Category Archives: Charity

Natural Disaster Relief: Hurricane Florence

What does the IRS do to help with natural disaster relief?

We just watched Hurricane Florence slam the Carolinas, and last year’s hurricane season between Hurricane Harvey, Hurricane Irma and Puerto Rico’s Hurricane Maria were devestating. The last several years the IRS has typically acted to provide taxpayer relief for natural disasters such as hurricanes Kartina and Rita, the 2014-2015 record snow fall in New England, the 2010 New England floods, Hurricane Sandy, Hurricane Matthew, the Ebola Outbreak in 2014, and the 2010 Hatian earthquake. As you read this you would think we were facing the end, but thank goodness there has been help from the IRS. The typical measures often include delaying various filing deadlines, delating various payment deadlines, loosening rules for write offs for damage, and allowing for certain charitable contributions.

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Natural Disaster Relief: Hurricanes Harvey, Irma

What is the IRS doing to help with natural disaster relief?

We are getting hit with a one-two punch this hurricane season between Hurricane Harvey, Hurricane Irma and who knows what else will hit. The last several years the IRS has typically acted to provide taxpayer relief for natural disasters such as hurricanes Kartina and Rita, the 2014-2015 record snow fall in New England, the 2010 New England floods, Hurricane Sandy, Hurricane Matthew, the Ebola Outbreak in 2014, and the 2010 Hatian earthquake. As you read this you would think we were facing the end, but thank goodness there has been help from the IRS. The typical measures often include delaying various filing deadlines, delating various payment deadlines, loosening rules for write offs for damage, and allowing for certain charitable contributions.

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Time-Share Use as a Charitable Deduction?

Have you ever considered your time-share use as a charitable deduction? If you have ever attended a charity auction, it is not uncommon. Often you may see a week’s use of a time-share included in the items donated for auction. The time-share owners who donate these weeks do so in hoping to be able to take charitable donation deduction on their tax returns. Continue reading

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Charitable Contribution: Tax Plan for Potential IRA-to-Charity Provision

2015_09_03 Charity, donation3Are you are 70.5 or over? Have you not taken all or any of your 2015 required minimum distribution (RMD) from your IRA? Do you plan to but have not yet made a significant charitable contribution? Here is a tip that could save some tax dollars.

In previous years, there has been a tax provision allowing an individual age 70.5 or older to make a direct transfer of money. This transfer could be up to $100,000, from his or her IRA account to a qualified charity. That provision expired on December 31, 2014. However, Congress has extended that provision in the past. There is a good chance it may be extended again. In fact, the Senate Finance Committee working group on individual tax reform, just recently, recommended extending the provision.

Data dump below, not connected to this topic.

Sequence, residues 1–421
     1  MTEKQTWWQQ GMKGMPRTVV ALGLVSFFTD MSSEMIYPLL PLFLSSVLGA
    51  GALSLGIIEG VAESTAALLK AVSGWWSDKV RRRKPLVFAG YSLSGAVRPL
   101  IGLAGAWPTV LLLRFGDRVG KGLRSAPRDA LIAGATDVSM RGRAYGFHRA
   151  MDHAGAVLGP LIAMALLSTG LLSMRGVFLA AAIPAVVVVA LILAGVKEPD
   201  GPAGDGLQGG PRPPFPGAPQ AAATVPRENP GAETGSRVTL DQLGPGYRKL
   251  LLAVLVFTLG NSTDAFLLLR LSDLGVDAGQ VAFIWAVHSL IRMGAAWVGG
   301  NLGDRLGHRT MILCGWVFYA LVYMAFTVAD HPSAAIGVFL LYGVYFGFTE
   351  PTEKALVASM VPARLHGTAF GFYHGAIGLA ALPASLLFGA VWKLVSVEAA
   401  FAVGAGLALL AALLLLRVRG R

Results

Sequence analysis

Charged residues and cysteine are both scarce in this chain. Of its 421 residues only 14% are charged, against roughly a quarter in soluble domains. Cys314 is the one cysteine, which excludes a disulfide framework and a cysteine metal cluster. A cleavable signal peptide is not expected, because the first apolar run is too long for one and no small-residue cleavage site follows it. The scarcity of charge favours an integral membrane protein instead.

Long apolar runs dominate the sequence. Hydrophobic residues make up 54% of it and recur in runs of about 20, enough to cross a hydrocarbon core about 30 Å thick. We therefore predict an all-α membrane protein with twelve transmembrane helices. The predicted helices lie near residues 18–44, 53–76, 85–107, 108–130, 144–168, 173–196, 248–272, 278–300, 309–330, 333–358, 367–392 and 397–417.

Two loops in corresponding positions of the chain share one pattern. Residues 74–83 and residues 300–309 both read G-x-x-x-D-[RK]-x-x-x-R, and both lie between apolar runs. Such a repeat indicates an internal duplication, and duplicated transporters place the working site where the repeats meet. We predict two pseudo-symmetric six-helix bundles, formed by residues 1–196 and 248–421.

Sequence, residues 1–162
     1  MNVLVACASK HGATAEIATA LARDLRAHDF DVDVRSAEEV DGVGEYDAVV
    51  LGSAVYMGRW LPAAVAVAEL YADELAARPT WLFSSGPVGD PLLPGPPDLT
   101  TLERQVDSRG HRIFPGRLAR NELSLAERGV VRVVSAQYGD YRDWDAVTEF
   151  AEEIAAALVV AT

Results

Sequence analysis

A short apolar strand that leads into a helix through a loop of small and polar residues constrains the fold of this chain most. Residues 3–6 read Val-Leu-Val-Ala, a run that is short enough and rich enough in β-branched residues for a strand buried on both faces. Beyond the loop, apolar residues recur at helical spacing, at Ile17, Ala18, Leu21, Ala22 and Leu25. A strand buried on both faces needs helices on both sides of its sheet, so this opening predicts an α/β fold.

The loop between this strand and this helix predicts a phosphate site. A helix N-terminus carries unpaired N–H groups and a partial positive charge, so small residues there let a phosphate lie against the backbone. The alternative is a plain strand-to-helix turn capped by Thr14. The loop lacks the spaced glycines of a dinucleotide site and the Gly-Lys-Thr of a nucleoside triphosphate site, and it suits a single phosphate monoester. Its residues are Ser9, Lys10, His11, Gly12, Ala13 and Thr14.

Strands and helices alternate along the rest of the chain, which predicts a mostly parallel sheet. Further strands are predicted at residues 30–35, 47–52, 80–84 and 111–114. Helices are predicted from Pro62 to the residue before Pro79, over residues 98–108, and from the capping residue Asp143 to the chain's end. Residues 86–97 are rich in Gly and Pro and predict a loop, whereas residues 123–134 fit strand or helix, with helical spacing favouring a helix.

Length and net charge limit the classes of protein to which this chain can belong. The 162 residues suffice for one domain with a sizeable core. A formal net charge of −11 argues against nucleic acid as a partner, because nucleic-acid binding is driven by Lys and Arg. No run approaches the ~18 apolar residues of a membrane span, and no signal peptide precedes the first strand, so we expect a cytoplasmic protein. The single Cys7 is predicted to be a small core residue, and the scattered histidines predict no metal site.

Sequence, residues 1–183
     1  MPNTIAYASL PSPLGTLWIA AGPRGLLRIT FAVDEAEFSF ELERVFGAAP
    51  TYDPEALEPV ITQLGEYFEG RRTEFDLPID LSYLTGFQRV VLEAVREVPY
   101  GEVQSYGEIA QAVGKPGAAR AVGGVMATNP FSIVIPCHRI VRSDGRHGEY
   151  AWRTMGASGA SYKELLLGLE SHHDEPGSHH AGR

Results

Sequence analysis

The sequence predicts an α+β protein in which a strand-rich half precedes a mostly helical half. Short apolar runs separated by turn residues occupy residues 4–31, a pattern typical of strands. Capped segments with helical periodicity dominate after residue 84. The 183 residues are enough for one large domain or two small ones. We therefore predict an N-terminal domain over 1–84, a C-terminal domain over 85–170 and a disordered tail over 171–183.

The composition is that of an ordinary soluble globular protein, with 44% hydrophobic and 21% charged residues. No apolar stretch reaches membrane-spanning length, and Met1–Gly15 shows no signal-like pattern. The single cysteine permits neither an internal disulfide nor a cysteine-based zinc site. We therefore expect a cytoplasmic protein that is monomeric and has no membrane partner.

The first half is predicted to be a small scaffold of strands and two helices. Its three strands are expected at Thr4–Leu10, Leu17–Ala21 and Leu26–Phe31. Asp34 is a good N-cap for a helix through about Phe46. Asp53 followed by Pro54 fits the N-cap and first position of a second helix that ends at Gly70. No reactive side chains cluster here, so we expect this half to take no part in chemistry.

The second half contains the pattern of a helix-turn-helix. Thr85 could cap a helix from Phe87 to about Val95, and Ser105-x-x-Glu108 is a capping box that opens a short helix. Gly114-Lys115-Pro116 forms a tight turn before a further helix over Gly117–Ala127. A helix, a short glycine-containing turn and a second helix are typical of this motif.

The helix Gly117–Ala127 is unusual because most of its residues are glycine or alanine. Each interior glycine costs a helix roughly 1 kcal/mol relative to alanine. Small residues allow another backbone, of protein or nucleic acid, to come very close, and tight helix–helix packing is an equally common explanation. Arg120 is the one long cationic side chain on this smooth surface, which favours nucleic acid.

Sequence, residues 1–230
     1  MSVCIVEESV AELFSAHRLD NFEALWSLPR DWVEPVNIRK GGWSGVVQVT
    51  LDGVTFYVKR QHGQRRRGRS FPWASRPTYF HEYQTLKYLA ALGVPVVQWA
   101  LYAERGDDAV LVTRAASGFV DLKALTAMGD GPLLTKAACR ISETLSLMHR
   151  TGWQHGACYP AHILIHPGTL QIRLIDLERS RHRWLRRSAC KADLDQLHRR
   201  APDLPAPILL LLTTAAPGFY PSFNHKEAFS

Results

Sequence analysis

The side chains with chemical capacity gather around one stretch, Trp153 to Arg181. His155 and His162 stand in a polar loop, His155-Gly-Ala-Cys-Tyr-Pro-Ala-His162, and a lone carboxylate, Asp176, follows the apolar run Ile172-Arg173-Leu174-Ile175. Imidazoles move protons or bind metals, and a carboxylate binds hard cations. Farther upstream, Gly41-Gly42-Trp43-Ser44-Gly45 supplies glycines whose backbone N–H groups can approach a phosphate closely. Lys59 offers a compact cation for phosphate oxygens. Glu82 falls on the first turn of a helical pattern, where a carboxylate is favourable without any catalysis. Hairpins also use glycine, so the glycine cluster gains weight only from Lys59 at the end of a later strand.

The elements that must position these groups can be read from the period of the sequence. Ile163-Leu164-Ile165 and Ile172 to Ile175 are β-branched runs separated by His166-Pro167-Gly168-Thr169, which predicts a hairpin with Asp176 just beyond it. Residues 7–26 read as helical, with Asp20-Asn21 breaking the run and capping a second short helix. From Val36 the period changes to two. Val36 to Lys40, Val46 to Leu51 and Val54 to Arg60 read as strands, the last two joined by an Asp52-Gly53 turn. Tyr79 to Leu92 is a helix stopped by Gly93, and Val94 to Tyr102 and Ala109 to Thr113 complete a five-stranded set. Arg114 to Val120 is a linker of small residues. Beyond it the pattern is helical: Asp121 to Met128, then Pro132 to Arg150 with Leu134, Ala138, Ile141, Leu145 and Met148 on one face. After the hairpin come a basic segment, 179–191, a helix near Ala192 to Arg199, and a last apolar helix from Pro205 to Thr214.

What if Congress Does Not Extend the Charitable Tax Plan Contribution?

If Congress does not extend it, you will have still satisfied your minimum distribution requirement. The amount transferred to the charity will still count as a charitable contribution. If Congress does extend it, you can take advantage of the tax benefits described later in this article.

If you wait to see whether the provision will be extended, and Congress waits until the last minute, you may not have time to take action. This was the case for most taxpayers last year. You may have already taken your RMD or made that charitable contribution.

What happens if the provision is extended?

If the provision is extended, here is how it will play out on a tax return:

  1. The distribution is excluded from income;
  2. The distribution counts towards the taxpayer’s Required Minimum Distribution for the year; and
  3. The distribution does NOT count as a charitable contribution.

At first glance, this may not appear to provide tax benefits. However, by excluding the distribution, a taxpayer lowers his or her income (AGI) for other tax breaks pegged at AGI levels such as medical expenses, passive losses, taxable Social Security, etc. Those who do not itemize essentially receive the benefit of a charitable contribution to offset the IRA distribution.

Would you like more information how to maximize your tax benefit based on a charitable contribution?

If you think that this tax provision may affect you. Would you would like to explore the possibilities with some tax planning? Alex Franch, BS EA at 781-849-7200.

You can read more about the potential IRA-to-Charitable Tax plan contribution from 2014 here.

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